Bad policy hurts surrogate mothers and babies, says govt committee
A new report in the Rajya Sabha said that a law prohibiting many forms of surrogacy would continue driving the sector underground, with a large number of clinics already unregistered.health Updated: Aug 12, 2017 17:43 IST
About one in three in vitro fertilisation (IVF) clinics are not registered with the government, likely contributing to the inadequate care and abuse of surrogate mothers and their babies, according to a report issued on Thursday by the parliamentary standing committee on health.
Despite surrogacy being a thriving business in India, worth an estimated $2 billion annually, the report reckons that 468 of 1,503 clinics specializing in IVF or assisted reproductive technology (ART) are running without registration.
The committee suggested that the 2016 Surrogacy (Regulation) Bill may be responsible much of the dysfunction surrounding surrogacy in India. The bill restricted surrogacies to “altruistic” cases, those in which a close relative of an infertile couple gives birth to their child within five years of their marriage. The bill also prohibits the sale and purchase of human embryos and provides legal safeguard to surrogate mothers and children.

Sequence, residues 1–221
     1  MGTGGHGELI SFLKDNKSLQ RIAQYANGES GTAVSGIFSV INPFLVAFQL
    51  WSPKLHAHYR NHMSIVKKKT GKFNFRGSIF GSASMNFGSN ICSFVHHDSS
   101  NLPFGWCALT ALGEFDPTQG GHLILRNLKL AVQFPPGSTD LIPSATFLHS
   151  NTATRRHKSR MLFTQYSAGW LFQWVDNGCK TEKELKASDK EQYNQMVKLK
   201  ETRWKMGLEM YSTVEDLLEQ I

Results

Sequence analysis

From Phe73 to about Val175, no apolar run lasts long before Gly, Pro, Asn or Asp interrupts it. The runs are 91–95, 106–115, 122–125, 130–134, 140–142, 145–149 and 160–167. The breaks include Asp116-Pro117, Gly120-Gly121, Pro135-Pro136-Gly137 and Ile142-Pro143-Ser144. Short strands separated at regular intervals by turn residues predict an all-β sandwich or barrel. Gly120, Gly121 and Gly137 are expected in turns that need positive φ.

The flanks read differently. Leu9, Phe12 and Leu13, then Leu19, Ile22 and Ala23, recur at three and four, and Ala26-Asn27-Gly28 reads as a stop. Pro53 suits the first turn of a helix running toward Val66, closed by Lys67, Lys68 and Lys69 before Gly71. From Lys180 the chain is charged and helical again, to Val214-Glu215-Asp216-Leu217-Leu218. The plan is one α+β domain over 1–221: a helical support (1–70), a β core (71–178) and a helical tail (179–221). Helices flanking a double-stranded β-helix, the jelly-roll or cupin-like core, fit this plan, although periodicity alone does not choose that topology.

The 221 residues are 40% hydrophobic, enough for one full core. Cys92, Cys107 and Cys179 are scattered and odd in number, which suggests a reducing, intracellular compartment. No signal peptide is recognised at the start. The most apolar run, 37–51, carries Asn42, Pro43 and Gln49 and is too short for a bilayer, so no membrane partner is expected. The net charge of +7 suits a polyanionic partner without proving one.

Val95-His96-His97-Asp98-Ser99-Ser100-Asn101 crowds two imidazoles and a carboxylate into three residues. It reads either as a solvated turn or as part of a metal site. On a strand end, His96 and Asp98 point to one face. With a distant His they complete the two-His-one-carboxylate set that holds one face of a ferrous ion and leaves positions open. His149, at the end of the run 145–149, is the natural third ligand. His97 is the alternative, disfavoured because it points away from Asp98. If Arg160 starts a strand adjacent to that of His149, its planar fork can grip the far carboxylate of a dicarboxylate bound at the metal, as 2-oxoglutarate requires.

The report, however, says live-in couples, same-sex couples, widows and single parents should also be allowed to use surrogate mothers, irrespective of whether they can conceive, and that a national registry of surrogate mothers should be established.
These measures, it argues, would help stop the exploitation of surrogate mothers and protect the rights of children born out of surrogacy.
There is little accurate data about surrogacies in India. The committee estimated that surrogacy produced 2,000 babies in the last three years across the country. Worldwide, this is a large sum. In the United States, where surrogacy is legal, multiple estimates suggest there are about 1,000 births a year through surrogacy.
Many people in the field agreed with the committee’s suggestions. “The committee report has been prepared after exhaustive consultations, and if changes are made in the Surrogacy Bill accordingly, then TKTK- will make the sector a lot more organised, transparent and more open to audit,” said Dr Shivani Gour, the general secretary of the Delhi chapter of the Indian Society of Assisted Reproduction.
“There is no denying that a portion of the sector is running in an unorganised manner, but why should all suffer because of a few?” asked one IVF expert, who requested anonymity. “The bill needs more thought.”
An official with the Union health ministry expressed a measure of openness to the recommendations. “Once legislation is passed, it will be easier to keep an eye on any illegal activities and there will be punitive measures in case norms are flouted,” the official said. “As for the committee report, we will study it. However, it’s not binding.”